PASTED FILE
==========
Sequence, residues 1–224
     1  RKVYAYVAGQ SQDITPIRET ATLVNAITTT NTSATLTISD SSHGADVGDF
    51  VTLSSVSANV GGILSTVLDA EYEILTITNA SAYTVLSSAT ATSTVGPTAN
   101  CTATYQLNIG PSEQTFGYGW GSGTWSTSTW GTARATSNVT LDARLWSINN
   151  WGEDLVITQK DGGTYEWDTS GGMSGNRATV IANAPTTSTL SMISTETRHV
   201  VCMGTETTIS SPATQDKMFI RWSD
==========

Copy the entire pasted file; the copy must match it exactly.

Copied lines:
Sequence, residues 1–224
     1  RKVYAYVAGQ SQDITPIRET ATLVNAITTT NTSATLTISD SSHGADVGDF
    51  VTLSSVSANV GGILSTVLDA EYEILTITNA SAYTVLSSAT ATSTVGPTAN
   101  CTATYQLNIG PSEQTFGYGW GSGTWSTSTW GTARATSNVT LDARLWSINN
   151  WGEDLVITQK DGGTYEWDTS GGMSGNRATV IANAPTTSTL SMISTETRHV
   201  VCMGTETTIS SPATQDKMFI RWSD